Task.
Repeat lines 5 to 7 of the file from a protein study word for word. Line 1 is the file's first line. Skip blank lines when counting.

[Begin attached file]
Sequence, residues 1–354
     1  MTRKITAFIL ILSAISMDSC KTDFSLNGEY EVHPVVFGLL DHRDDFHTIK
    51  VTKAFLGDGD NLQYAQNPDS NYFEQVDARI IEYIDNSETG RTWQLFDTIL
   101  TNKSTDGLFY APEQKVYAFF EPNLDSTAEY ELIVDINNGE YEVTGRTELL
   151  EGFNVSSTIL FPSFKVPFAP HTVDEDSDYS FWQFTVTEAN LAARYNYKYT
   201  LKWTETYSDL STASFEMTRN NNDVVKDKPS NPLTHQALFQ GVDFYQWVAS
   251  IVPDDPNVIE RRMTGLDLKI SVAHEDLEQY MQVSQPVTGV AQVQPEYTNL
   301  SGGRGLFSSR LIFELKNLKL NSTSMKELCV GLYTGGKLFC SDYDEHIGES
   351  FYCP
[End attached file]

   151  EGFNVSSTIL FPSFKVPFAP HTVDEDSDYS FWQFTVTEAN LAARYNYKYT
   201  LKWTETYSDL STASFEMTRN NNDVVKDKPS NPLTHQALFQ GVDFYQWVAS
   251  IVPDDPNVIE RRMTGLDLKI SVAHEDLEQY MQVSQPVTGV AQVQPEYTNL